Most everyone who has dropped in on the bustling town of Vail, Colorado remembers the Swiss Hot Dog Company. The casual eatery had been a fixture in Lionshead for the past couple of decades. A few years back, owner Ernst Larese and his beloved wienie joint uprooted a few miles down the highway.
Regardless of the reason for the move, the neighboring town of Avon welcomed Ernst with open arms. Now, Ernst and his austerely decorated joint find themselves at home in a slick new strip mall. While we are all a bit bummed that the original location is gone, foodies, critics, and diners from all over the world are just glad this place is still going strong! [Don’t believe me? Just ask the Blissful Glutton – she freakin’ loves these doggies]
This post is as much about the food as it is about the man who puts it out. Seriously, can anyone with a Moo Cow for a logo be anything less than a fascinating eccentric?
Ernst Larese was born in Italy in 1932. Shortly thereafter, he relocated to Austria. As the war came to an end, Ernst (born Ernesto), found himself a rolling stone. That freedom led Larese to join the French Foreign Legion. He was deployed to colonial French Africa where he helped protect locals from slave trade and prostitution rings. When that ended, Larese and a couple of army buddies headed to Australia (yeah … that Australia).
He quickly made himself at home and became a self-described beach bum. Sometime thereafter, Ernst met a wealthy Australian who assumed (incorrectly as it turns out), that Ernst must have known something about skiing. This led Ernst to work for a handful of ski resorts. Time went by and as luck would have it, in the 1960s, Ernst decided to relocate to the states.
In 1967, Ernst and his wife Simone got out of the ski business and into the hot dog business – the Swiss Hot Dog Co was born. Though she wasn’t around when we showed up, I remember Simone from the restaurant’s days in Vail. She is as approachable as Ernst is.
In a world of multi-millionaire egos, expense account meals, and celebrity vacationers, Vail and its closest neighbors have developed a strange personality. One the one hand, you have a group of towns filled with laid back denizens who scoff at all things corporate. At the same time, there are a handful of big wigs that control the area’s finances. A lot of money gets tossed around this tiny Colorado town.
As I alluded to previously, the atmosphere in and around the Swiss Hot Dog Company seems to reflect the dichotic nature of the area. The strip mall itself is as modern as you will find. Slick lines, shiny metal, and a funky wood top scream Euro-trendy. Ah, how appropriate that the SHDC calls this home.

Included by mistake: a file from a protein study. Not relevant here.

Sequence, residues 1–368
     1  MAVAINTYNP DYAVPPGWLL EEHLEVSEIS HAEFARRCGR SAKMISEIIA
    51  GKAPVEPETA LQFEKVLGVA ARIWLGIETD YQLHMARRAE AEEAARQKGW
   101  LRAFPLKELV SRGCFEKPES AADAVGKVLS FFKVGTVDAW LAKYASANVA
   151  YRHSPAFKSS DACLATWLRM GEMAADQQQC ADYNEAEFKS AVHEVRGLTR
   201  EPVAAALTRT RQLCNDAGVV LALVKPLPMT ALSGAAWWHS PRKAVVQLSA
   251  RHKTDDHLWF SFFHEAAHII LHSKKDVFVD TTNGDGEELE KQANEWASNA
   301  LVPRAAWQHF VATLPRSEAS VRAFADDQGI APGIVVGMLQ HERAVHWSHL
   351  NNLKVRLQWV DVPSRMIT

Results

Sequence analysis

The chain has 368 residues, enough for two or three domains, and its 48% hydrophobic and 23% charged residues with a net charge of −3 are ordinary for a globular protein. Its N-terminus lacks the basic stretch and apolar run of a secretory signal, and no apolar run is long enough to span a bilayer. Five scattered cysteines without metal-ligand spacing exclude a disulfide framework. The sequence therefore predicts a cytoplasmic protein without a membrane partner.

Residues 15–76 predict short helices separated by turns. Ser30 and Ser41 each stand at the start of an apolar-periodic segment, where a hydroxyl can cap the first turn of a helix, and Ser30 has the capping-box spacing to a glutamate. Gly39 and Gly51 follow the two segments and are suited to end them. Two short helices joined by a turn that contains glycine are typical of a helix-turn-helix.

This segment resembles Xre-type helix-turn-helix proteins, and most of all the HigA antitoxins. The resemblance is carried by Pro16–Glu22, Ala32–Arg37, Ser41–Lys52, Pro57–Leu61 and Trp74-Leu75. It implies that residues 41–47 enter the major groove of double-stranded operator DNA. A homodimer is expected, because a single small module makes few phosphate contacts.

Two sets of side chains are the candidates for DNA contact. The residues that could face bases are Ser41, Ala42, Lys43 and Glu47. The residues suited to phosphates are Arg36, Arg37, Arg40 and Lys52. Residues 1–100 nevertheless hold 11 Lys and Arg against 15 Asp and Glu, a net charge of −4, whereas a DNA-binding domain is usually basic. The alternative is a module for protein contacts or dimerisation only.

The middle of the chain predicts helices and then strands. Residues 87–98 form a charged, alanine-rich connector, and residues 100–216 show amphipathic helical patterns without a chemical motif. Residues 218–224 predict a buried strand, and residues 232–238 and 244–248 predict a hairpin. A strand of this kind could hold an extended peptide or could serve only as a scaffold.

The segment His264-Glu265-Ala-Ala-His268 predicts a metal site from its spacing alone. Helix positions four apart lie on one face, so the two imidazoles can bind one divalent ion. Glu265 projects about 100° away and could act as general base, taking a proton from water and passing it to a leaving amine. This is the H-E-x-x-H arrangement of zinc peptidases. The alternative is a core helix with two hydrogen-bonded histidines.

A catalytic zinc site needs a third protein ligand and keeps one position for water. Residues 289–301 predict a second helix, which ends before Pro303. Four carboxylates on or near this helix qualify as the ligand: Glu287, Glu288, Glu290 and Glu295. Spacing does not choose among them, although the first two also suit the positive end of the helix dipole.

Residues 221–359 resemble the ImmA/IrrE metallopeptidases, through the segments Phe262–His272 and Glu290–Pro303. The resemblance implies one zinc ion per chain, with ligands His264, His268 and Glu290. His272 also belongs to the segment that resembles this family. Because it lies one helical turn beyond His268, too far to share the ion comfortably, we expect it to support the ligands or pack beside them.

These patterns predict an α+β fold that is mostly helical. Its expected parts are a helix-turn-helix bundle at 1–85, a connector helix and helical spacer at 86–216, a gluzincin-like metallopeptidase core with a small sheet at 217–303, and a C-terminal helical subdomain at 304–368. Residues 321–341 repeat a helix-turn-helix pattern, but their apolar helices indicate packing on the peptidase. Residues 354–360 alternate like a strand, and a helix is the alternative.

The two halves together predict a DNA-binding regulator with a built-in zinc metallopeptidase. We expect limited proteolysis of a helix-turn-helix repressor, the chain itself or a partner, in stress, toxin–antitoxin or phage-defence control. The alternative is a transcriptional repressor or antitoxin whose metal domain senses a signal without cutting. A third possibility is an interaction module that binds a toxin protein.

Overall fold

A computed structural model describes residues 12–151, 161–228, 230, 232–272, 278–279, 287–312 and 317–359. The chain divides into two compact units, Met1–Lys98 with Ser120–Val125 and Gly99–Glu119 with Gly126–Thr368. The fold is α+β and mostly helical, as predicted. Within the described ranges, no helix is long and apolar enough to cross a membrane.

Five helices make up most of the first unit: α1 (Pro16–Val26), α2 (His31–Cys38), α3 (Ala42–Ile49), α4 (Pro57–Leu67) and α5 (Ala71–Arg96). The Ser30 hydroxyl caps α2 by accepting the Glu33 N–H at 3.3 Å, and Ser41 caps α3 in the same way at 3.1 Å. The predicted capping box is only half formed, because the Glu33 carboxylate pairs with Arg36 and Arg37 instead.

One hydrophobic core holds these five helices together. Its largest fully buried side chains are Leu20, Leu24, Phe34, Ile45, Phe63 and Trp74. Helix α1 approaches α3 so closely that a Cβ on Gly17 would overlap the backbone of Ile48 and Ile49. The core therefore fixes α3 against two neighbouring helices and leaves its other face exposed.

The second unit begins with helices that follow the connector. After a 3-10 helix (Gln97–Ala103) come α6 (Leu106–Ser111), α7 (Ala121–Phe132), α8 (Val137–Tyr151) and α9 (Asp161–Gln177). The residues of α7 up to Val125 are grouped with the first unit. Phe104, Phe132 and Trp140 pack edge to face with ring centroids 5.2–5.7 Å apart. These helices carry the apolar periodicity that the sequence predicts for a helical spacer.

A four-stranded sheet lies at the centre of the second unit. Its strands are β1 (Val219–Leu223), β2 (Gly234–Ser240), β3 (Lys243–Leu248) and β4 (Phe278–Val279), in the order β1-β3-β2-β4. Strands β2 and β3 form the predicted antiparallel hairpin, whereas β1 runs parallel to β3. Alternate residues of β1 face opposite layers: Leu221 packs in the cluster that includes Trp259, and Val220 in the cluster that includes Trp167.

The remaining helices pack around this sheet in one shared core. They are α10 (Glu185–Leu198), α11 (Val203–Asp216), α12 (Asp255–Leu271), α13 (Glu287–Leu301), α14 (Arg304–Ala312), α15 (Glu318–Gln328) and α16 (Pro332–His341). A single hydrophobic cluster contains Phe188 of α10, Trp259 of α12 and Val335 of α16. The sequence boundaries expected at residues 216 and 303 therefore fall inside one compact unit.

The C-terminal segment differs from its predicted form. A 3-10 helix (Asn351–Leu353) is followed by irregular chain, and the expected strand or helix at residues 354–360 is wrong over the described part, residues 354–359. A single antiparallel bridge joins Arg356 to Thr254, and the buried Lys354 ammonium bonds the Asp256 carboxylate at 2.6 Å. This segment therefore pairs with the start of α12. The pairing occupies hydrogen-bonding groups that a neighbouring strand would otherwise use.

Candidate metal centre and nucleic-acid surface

If I didn’t know better, I’d have walked out as soon as I walked into the 50-seat eatery. It lacks any distinguishable personality: a handful of old Swiss Alp posters adorn the walls and a solitary tree that sits uncomfortably in the rear. For those of us in Atlanta, this reminds me of one of those dumpy little restaurants that struggles to earn its keep in the outskirts of metro ATL. Yet the place is clean, and the simplicity makes the experience all the more intriguing.
As you make your way past the drink fridge and up to the counter, your eyes are drawn to the large blue menu hanging behind the counter. In true Ernst fashion, this thing is as simple as it gets. The type face is simple, the color scheme is plain, and you really only have two options.
At the top, a brief blurb informs you of the ingredients of a Swiss dog and the middle of the menu provides you with your options. Meanwhile, the bottom third of the menu curiously invites you to try their only other available item: “The Mother of All Soups.” This chicken soup is made fresh every day and includes twenty different types of vegetables and herbs. I figure the thought process for most newbies goes a bit like this:
A hot dog with a cup of chicken soup? What the hell is this dude thinking. Oh well, this is just to intriguing to pass up!
So the hot dogs themselves are actually brought in from Denver. A few years ago, that might have surprised me … how can a place renown for its dogs not make them in house? Truth is, hot dogs are hard as hell to make. Thus, I don’t fault Larese for outsourcing his main ingredient. He buys a good product and he doesn’t screw it up on the stove … so good for him.